Chinese Calendar

While used in tandem with the Gregorian calendar, the Chinese calendar marks important holidays like  Chinese New Year and Lantern Festival, and will also be used to determine days that are most lucky for weddings, funerals, and even starting a business. International businesses operating in China or with Chinese partners need to plan for potential disruptions to production and logistics during these periods. Taiwan, Hong Kong, Singapore, Malaysia, and Indonesia may also follow aspects of the Chinese calendar. Being aware of such cultural nuances allows businesses to adjust timelines and plan effectively.

Jewish or Hebrew Calendar

Also, following a lunar cycle, there is an issue of calendar drift with the Jewish or Hebrew calendar; the added month of Adar is repeated on a nineteen-year cycle to keep the seasonality of Passover in the spring. Countries with larger Jewish communities may find observers of the Jewish or Hebrew calendar impact business; countries may include Israel, Canada, France, the United Kingdom, the United States, and Argentina, to name a few.

Ethiopian Calendar

The Ethiopian calendar is based more closely on the Julian calendar and follows the sun. It observes 13 months all of which have 30 days except the last month of their year with 35 days. The new year begins on September 11, or  September 12 if it is a leap year, also happening every 4 years. This means that the Ethiopian calendar is somewhere between 7 and 8 years behind the Gregorian calendar based on the time of year. At the end of 2023, it was 2016 in Ethiopia.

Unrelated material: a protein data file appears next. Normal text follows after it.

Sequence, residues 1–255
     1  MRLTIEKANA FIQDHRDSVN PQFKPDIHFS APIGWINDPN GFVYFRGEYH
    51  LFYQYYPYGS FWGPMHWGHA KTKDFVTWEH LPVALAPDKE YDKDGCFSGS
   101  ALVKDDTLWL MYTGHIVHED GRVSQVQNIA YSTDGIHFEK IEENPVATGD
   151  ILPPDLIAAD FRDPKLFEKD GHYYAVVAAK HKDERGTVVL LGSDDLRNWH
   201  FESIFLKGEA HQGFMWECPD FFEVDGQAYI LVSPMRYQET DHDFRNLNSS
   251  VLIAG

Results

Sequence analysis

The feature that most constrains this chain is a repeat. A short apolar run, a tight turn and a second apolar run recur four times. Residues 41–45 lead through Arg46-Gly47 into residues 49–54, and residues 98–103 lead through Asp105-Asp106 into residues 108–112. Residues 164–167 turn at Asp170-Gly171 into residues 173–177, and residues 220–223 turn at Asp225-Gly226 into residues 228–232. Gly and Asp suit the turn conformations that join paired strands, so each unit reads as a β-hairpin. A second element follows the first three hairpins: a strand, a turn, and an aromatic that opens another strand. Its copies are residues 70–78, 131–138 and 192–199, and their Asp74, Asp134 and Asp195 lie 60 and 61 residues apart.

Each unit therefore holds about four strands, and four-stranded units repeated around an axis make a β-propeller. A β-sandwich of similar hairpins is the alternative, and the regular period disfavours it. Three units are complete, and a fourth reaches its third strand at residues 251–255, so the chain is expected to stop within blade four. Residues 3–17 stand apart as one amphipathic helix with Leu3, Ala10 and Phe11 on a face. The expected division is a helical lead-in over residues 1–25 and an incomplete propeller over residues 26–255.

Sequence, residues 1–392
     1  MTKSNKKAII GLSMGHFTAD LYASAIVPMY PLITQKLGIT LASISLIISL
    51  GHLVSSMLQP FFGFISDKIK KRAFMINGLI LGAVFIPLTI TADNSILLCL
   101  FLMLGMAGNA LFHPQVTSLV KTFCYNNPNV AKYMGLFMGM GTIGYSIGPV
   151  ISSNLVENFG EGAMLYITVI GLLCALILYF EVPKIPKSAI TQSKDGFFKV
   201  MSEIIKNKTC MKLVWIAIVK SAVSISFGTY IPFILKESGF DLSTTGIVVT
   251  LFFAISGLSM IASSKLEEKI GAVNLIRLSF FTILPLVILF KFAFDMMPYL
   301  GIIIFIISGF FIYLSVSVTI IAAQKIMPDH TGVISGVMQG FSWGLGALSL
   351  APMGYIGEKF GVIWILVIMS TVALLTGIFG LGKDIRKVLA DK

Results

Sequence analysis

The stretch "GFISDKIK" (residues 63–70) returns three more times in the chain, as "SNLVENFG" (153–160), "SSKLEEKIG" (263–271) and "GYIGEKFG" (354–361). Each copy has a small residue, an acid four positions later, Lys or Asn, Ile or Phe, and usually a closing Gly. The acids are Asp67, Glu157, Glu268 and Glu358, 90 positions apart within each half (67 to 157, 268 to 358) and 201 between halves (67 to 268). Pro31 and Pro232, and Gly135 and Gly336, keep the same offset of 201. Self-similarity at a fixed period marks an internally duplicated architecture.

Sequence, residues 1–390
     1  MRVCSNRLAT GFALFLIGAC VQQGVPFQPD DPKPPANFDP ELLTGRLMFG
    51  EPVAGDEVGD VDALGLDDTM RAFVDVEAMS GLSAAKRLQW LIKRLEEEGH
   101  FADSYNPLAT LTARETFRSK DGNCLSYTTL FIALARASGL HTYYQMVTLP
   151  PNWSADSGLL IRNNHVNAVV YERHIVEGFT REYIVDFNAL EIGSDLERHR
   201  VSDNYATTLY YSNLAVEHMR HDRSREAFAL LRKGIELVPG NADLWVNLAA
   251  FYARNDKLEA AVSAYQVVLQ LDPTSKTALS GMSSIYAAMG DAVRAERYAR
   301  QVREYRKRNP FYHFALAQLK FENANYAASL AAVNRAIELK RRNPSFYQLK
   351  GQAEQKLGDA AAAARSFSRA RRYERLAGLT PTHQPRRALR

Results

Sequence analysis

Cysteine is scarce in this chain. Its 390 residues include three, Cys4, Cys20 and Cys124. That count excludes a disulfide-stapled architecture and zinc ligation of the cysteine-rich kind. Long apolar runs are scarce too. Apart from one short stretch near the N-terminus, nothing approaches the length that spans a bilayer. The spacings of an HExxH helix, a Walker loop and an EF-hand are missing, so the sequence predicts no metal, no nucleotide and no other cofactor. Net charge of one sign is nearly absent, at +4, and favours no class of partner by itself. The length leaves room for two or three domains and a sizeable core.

Applying What You Know

With some added knowledge of calendars around the world, you can now implement them into your global business strategies as you further dive into your target markets. By understanding different holidays and observances, relationships can be formed, purchasing behavior can be tracked, timelines understood, and even adjusting campaigns for products to fit the calendars of different cultures. For example, increased spending in the US around the Christmas holidays is common, same can be seen for the Hindu festival of Diwali in India. International businesses looking to penetrate the Indian market can hone their marketing efforts to align with the festive spirit, offering special promotions or launching new products during this time.

When communicating with international counterparts, knowing their holidays or observances can alleviate ill-timed emails, phone calls, or even visits. Adapting your schedule to accommodate a cultural observance can enhance effectiveness and build relationships.

Neglecting the importance of cultural calendars can lead to unintended consequences, ranging from mild misunderstandings to more significant business disruptions. In this increasingly global world, being sensitive or even aware of differing calendars will offer valuable insights to provide connection and planning opportunities for your growing business relationships.